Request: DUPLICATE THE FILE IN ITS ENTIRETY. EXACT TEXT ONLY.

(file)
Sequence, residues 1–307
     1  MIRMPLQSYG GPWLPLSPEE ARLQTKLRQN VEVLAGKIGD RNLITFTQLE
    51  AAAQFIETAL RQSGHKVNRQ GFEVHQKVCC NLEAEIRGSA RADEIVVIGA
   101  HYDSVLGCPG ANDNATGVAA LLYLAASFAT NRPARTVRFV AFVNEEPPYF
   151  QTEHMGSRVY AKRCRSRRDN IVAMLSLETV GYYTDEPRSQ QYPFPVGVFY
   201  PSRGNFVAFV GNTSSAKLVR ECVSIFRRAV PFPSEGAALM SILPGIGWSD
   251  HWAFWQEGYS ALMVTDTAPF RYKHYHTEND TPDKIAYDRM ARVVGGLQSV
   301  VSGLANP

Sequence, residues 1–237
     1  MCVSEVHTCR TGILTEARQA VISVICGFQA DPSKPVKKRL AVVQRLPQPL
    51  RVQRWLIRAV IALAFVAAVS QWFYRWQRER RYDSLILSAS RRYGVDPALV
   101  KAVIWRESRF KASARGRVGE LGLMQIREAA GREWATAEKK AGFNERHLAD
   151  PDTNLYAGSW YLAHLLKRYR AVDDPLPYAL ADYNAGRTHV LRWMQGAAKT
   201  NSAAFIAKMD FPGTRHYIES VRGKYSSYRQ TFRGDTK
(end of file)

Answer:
Sequence, residues 1–307
     1  MIRMPLQSYG GPWLPLSPEE ARLQTKLRQN VEVLAGKIGD RNLITFTQLE
    51  AAAQFIETAL RQSGHKVNRQ GFEVHQKVCC NLEAEIRGSA RADEIVVIGA
   101  HYDSVLGCPG ANDNATGVAA LLYLAASFAT NRPARTVRFV AFVNEEPPYF
   151  QTEHMGSRVY AKRCRSRRDN IVAMLSLETV GYYTDEPRSQ QYPFPVGVFY
   201  PSRGNFVAFV GNTSSAKLVR ECVSIFRRAV PFPSEGAALM SILPGIGWSD
   251  HWAFWQEGYS ALMVTDTAPF RYKHYHTEND TPDKIAYDRM ARVVGGLQSV
   301  VSGLANP

Sequence, residues 1–237
     1  MCVSEVHTCR TGILTEARQA VISVICGFQA DPSKPVKKRL AVVQRLPQPL
    51  RVQRWLIRAV IALAFVAAVS QWFYRWQRER RYDSLILSAS RRYGVDPALV
   101  KAVIWRESRF KASARGRVGE LGLMQIREAA GREWATAEKK AGFNERHLAD
   151  PDTNLYAGSW YLAHLLKRYR AVDDPLPYAL ADYNAGRTHV LRWMQGAAKT
   201  NSAAFIAKMD FPGTRHYIES VRGKYSSYRQ TFRGDTK